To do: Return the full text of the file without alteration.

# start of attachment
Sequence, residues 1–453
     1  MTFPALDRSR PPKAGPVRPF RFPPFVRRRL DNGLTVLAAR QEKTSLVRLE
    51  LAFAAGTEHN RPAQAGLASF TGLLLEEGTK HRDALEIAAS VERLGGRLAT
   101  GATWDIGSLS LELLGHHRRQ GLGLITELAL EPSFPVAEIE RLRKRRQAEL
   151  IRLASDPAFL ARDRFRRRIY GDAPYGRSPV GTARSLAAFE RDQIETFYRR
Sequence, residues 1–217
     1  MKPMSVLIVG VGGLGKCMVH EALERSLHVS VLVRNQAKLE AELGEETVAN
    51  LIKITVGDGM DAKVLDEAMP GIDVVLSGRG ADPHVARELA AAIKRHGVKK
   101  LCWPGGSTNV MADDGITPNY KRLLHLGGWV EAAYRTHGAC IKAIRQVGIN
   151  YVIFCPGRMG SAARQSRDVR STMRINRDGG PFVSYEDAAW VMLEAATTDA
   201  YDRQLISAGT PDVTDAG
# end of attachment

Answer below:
Sequence, residues 1–453
     1  MTFPALDRSR PPKAGPVRPF RFPPFVRRRL DNGLTVLAAR QEKTSLVRLE
    51  LAFAAGTEHN RPAQAGLASF TGLLLEEGTK HRDALEIAAS VERLGGRLAT
   101  GATWDIGSLS LELLGHHRRQ GLGLITELAL EPSFPVAEIE RLRKRRQAEL
   151  IRLASDPAFL ARDRFRRRIY GDAPYGRSPV GTARSLAAFE RDQIETFYRR
Sequence, residues 1–217
     1  MKPMSVLIVG VGGLGKCMVH EALERSLHVS VLVRNQAKLE AELGEETVAN
    51  LIKITVGDGM DAKVLDEAMP GIDVVLSGRG ADPHVARELA AAIKRHGVKK
   101  LCWPGGSTNV MADDGITPNY KRLLHLGGWV EAAYRTHGAC IKAIRQVGIN
   151  YVIFCPGRMG SAARQSRDVR STMRINRDGG PFVSYEDAAW VMLEAATTDA
   201  YDRQLISAGT PDVTDAG